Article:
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After taking notes on Bella’s background (Battersea Dogs and Cats Home, given up by elderly owners who could no longer look after her), he quizzes Mr Reeves on her eating habits, ticking him off for feeding her dog food (“they’re all rubbish”) instead of raw meat. Unlike some pets he sees (needy, over-attached cats, aggressive dogs, horses petrified of cows), Bella, he pronounces, is “well-balanced”. She just enjoys the chase. If Bella had lived in America or France, says Mr Mugford, she might have been prescribed antidepressants. In those countries, he says breezily, “every dog has a syndrome . . . like ‘excess predatory syndrome’.”

Packing treats in his pocket, Mr Mugford fixes a training collar around Bella’s neck that scares her by emitting an odourless, harmless spray if she leaps on a sheep, before heading out to face the animals on his farm and the swans and geese that populate a nearby stretch of river. Each time Bella approaches the livestock or wildfowl, Mr Mugford presses a remote button that releases a short sharp burst of the spray hanging from the dog’s neck, and she turns on her heels. “I want her to be afraid of sheep, I want her to be scared that sheep are dangerous,” says Mr Mugford. Will that not damage her psychic balance? “This is the most courageous, least nervous dog on the plan­et. This dog has all balls, hasn’t she?”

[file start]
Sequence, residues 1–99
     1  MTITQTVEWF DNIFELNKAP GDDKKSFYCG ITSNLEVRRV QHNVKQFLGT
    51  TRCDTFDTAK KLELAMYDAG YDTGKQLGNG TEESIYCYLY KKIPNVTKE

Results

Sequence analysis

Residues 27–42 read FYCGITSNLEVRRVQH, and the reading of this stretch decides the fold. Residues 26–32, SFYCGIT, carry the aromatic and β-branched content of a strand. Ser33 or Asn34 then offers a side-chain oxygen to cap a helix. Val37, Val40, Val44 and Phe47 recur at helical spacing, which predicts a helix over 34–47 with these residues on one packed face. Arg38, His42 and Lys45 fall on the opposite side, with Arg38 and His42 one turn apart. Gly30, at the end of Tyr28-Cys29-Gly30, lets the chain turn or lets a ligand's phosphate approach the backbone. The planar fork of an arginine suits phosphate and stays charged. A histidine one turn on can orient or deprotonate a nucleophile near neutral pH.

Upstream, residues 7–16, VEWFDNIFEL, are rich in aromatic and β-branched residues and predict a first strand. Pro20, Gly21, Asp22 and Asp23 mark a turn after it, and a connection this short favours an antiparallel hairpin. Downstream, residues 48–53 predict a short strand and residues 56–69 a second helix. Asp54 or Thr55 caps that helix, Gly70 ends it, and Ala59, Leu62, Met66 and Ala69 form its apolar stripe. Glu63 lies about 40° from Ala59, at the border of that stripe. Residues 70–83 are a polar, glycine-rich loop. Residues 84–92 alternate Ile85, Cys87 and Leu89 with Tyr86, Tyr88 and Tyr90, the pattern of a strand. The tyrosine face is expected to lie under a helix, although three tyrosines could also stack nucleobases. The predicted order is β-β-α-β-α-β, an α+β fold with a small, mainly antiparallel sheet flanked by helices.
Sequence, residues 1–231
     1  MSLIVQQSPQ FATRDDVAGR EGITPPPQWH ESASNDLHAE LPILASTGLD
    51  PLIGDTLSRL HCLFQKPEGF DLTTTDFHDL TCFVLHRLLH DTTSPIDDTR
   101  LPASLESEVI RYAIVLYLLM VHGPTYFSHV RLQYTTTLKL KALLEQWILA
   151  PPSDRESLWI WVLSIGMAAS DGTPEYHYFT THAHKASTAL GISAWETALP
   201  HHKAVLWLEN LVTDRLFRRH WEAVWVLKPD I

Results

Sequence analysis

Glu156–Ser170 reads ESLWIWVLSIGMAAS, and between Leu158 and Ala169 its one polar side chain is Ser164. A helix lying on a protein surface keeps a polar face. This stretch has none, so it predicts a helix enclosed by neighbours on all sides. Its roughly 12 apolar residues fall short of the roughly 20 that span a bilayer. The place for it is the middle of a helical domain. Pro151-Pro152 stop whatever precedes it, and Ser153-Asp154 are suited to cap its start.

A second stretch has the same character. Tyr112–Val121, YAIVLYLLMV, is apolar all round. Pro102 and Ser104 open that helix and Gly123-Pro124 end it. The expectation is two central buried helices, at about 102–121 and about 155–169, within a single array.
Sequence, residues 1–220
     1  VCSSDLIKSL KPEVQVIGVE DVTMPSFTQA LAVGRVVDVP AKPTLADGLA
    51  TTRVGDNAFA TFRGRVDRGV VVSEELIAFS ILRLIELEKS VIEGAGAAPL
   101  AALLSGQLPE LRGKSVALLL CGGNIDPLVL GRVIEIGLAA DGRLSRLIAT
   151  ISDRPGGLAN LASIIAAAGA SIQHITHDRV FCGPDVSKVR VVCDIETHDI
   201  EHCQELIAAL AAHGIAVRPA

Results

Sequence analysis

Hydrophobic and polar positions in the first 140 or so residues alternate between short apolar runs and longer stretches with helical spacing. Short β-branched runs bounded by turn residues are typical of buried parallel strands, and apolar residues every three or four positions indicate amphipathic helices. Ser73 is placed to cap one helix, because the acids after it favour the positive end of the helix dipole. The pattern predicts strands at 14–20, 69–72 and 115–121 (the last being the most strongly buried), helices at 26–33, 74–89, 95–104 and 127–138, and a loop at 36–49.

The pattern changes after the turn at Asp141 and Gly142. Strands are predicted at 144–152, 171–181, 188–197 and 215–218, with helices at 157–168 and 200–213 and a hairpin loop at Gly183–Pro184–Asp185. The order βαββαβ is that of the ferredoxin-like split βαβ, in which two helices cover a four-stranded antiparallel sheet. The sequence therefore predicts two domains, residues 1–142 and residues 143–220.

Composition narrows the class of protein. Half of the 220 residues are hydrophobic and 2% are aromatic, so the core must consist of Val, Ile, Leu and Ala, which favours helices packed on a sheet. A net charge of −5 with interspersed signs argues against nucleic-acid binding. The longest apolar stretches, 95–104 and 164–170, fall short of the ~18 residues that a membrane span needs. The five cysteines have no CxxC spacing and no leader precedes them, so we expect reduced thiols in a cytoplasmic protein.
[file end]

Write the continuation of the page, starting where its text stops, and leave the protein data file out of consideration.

Dog days

● The world market for pet accessories and products is projected to reach $17.2bn by 2015, says Global Industry Analysts.

● According to Eli Lilly, the drug company, 10.7m dogs in the US – or up to 17 per cent – suffer from separation anxiety. It says 73 per cent of dogs receiving its antidepressant Reconcile showed improvement in their separation anxiety-related behaviour within eight weeks.

● India has traditionally had one of the world’s lowest rates of dog ownership: four for every 1,000 people. But that is changing. According to Euromonitor International, the total number of dogs increased by 58 per cent between 2007 and 2012. Switzerland’s dog population slumped 10 per cent over the same period.

Dog, owner and Mr Mugford seem happy with the morning’s work. Bella cautiously trots rather than races towards the animals. She still has much work to do under Mr Reeves’s stewardship. The worst kind of clients, says Mr Mugford, want everything to be fixed in a session and are too lazy to continue the training themselves.